Reading

September 2020: Recent Reads

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I’m sneaking in under the wire, getting this done on the 15th instead of before – happy #backtoschool to me!

Back to school season is always crazy and lasts far longer than non-teachers realize. I don’t know if this year is harder per se, but it is certainly a different kind of hard, which makes it feel harder because it’s…different. I find myself digitizing things I used last year while also trying my best not to reinvent the wheel. We’re 100% online at least through October, if not longer. I miss being with my kids, in our classroom. But I’ve still had some good moments over Zoom. It’s just not as good. I wind up feeling tired at the end of the day, but not in the same emotionally-drained way I do at school. It’s just like screen-time-tired + back-to-school tired.

In terms of my reading life, back-to-school tired means that if I don’t have books I’ve already planned on reading next, I don’t have the energy to find books to read next. So my list is smaller this month, but that’s okay. I still read some gems.

Adult Literature

Eleanor Oliphant Is Completely Fine: 5 stars, PG13

Eleanor Oliphant Is Completely Fine: A Novel by [Gail Honeyman]

Words fail me to describe how much I delighted in this book. I realized, as I read this book, that one thing that makes a book a five-star experience for me is the voice of the narrator. If the narrator’s voice is unique, cheeky, or makes humorous, insightful remarks directed at the reader, I tend to love it. This book deftly dealt with heavy topics like loneliness, childhood trauma, and severe depression, while not feeling overwhelmingly heavy and ending on a strong hopeful note without feeling contrived. Takes a skilled author to do that. Also loved the subtle nod to Jane Austen in the names of characters.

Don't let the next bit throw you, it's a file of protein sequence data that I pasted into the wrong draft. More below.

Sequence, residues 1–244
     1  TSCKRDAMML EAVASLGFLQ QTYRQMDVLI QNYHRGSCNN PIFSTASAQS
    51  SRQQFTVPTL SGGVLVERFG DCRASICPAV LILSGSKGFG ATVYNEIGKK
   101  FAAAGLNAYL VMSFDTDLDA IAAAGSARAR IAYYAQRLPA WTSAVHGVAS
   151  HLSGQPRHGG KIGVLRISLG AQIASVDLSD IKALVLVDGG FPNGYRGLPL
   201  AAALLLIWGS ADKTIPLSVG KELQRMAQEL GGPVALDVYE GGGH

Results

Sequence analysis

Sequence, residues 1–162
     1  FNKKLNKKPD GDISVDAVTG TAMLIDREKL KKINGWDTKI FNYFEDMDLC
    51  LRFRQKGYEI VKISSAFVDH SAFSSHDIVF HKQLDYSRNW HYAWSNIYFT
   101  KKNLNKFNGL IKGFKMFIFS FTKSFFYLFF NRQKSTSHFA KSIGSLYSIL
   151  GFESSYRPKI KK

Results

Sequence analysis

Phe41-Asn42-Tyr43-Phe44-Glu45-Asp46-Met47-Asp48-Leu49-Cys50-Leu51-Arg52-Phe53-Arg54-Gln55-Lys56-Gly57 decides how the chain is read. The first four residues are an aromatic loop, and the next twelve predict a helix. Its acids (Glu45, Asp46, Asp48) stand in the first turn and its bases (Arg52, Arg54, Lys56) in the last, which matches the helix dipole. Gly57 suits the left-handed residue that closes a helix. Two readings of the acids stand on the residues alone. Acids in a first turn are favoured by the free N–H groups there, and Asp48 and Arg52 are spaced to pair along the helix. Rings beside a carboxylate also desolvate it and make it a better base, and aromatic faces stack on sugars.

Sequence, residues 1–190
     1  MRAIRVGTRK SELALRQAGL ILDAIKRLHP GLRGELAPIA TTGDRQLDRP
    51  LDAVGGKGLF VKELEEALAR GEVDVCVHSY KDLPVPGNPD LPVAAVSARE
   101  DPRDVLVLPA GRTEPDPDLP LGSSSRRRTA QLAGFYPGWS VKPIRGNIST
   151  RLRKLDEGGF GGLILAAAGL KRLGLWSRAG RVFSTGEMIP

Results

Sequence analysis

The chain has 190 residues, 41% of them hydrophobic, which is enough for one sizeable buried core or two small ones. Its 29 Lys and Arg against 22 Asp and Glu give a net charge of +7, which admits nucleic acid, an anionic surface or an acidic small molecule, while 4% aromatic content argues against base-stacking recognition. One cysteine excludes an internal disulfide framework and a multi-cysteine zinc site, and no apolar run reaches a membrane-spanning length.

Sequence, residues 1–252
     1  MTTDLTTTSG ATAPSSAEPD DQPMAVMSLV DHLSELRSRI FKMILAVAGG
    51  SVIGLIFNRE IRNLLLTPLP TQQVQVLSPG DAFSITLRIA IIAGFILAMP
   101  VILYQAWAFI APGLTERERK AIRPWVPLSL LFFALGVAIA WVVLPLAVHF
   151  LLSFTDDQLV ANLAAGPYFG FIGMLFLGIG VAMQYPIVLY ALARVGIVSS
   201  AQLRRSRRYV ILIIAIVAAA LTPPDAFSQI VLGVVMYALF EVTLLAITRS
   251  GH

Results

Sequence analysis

The Book Woman of Troublesome Creek: 5 stars, PG13

The Book Woman of Troublesome Creek: A Novel by [Kim Michele Richardson]

Another five-star read that took me completely by surprise. I saw it mentioned in a comment on Modern Mrs. Darcy’s Quick Lit post from last month, looked it up, it seemed like it would be harmless enough….you guys. I couldn’t put it down. It was an easy read, but also a sweet love story. And I don’t mean romance. Don’t expect any steamy-hot scenes in here. Just tender, devoted, faithful pursuit of a worthwhile woman. Also the historical facts part of this historical fiction book were fascinating. Who knew there were people with blue skin in real life? I sure didn’t. I thought they only existed in make-believe stories. The end of the story left me wanting a few more details, but…I guess that’s what imaginations are for.

In Our Backyard: 4 stars, all of humanity (maybe middle school up age-wise?)

I hope to devote an entire post to the topic of human trafficking and educating yourself on it eventually, but in the meantime, this is a book I think just about everyone should read. Or at least people from the U.S., since it specifically discusses the reality of human trafficking in the U.S.

I think this was an excellent introduction and a great place to start if you haven’t learned much about it. Plus, it lists great resources for further learning and for taking action. I also appreciated that, while honest about the realities, the author didn’t belabor the point or feel the need to make you feel what it is like…the stark reality is enough.

Children’s Literature

As usual, I have some middle grade picks that I enjoyed that are worth recommending to you (or your kids).

The Penderwicks – Series: 4ish stars, G